I have intimated that our young friends had a source of fortifying emotion which was distinct from the hours they spent with Beethoven and Bach. This consisted in the wonderful insight they had obtained into the history of feminine anguish. They perused that chapter perpetually and zealously, and they derived from it the purest part of their mission. Olive had pored over it so long, so earnestly, that she was now in complete possession of the subject. […] She reminded Verena how the exquisite weakness of women had never been their defence, but had only exposed them to sufferings more acute than masculine grossness can conceive. Their odious partner had trampled upon them from the beginning of time, and their tenderness, their abnegation, had been his opportunity. All the bullied wives, the stricken mothers, the dishonoured, deserted maidens who have lived on the earth and longed to leave it, passed and repassed before her eyes, and the interminable dim procession seemed to stretch out a myriad hands to her. She sat with them at their trembling vigils, listened for the tread, the voice, at which they grew pale and sick, walked with them by the dark waters that offered to wash away misery and shame, took with them, even, when the vision grew intense, the last shuddering leap. She had analysed to an extraordinary fineness their susceptibility, their softness; she knew (or she thought she knew) all the possible tortures of anxiety, of suspense and dread; and she had made up her mind that it was women, in the end, who had paid for everything. In the last resort the whole burden of the human lot came upon them; it pressed upon them far more than on the others, the intolerable load of fate. It was they who sat cramped and chained to receive it; it was they who had done all the waiting and taken all the wounds. The sacrifices, the blood, the tears, the terrors were theirs. Their organism was in itself a challenge to suffering, and men had practised upon it with an impudence that knew no bounds. As they were the weakest most had been wrung from them, and as they were the most generous they had been most deceived. Olive Chancellor would have rested her case, had it been necessary, on those general facts; and her simple and comprehensive contention was that the peculiar wretchedness which had been the very essence of the feminine lot was a monstrous artificial imposition, crying aloud for redress. She was willing to admit that women, too, could be bad; that there were many about the world who were false, immoral, vile. But their errors were as nothing to their sufferings; they had expiated, in advance, an eternity, if need be, of misconduct. Olive poured forth these views to her listening and responsive friend; she presented them again and again, and there was no light in which they did not seem to palpitate with truth. Verena was immensely wrought upon; a subtle fire passed into her; she was not so hungry for revenge as Olive, but at the last she quite agreed with her companion that after so many ages of wrong men must take their turn, men must pay!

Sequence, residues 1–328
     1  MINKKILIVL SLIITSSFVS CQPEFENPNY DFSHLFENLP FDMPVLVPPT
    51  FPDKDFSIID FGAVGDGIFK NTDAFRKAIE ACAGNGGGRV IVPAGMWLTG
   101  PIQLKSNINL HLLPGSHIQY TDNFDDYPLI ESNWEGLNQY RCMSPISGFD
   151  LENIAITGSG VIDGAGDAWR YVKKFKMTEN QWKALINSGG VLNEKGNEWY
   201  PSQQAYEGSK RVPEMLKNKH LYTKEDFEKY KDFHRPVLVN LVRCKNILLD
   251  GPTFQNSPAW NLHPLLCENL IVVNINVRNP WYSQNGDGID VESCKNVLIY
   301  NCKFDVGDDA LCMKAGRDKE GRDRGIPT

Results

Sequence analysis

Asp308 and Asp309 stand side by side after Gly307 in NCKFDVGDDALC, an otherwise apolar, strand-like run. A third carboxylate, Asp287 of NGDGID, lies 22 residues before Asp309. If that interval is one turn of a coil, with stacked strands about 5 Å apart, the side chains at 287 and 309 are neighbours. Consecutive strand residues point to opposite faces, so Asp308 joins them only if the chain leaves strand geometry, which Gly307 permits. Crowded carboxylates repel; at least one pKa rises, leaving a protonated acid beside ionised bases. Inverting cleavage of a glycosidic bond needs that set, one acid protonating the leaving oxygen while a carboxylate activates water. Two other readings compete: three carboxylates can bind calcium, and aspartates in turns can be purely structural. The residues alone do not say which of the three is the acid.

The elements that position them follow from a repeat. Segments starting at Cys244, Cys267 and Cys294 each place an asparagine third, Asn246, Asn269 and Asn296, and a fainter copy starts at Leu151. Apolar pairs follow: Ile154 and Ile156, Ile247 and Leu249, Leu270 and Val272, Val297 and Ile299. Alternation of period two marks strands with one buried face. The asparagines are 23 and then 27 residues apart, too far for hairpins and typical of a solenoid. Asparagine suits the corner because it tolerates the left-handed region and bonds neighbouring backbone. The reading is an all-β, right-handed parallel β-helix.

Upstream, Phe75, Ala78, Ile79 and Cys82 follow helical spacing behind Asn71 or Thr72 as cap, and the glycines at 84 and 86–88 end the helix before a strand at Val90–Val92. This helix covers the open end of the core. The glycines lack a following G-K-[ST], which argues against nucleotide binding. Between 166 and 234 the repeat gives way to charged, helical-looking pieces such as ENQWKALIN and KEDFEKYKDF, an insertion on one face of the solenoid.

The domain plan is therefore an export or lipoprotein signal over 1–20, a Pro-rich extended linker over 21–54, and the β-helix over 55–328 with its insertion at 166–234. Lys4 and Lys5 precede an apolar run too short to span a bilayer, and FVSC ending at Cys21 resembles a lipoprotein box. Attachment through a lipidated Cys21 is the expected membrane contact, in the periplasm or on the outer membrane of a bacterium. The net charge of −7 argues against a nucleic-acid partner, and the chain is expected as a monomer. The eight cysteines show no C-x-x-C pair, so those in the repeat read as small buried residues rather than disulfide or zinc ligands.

– Henry James, The Bostonians (1886)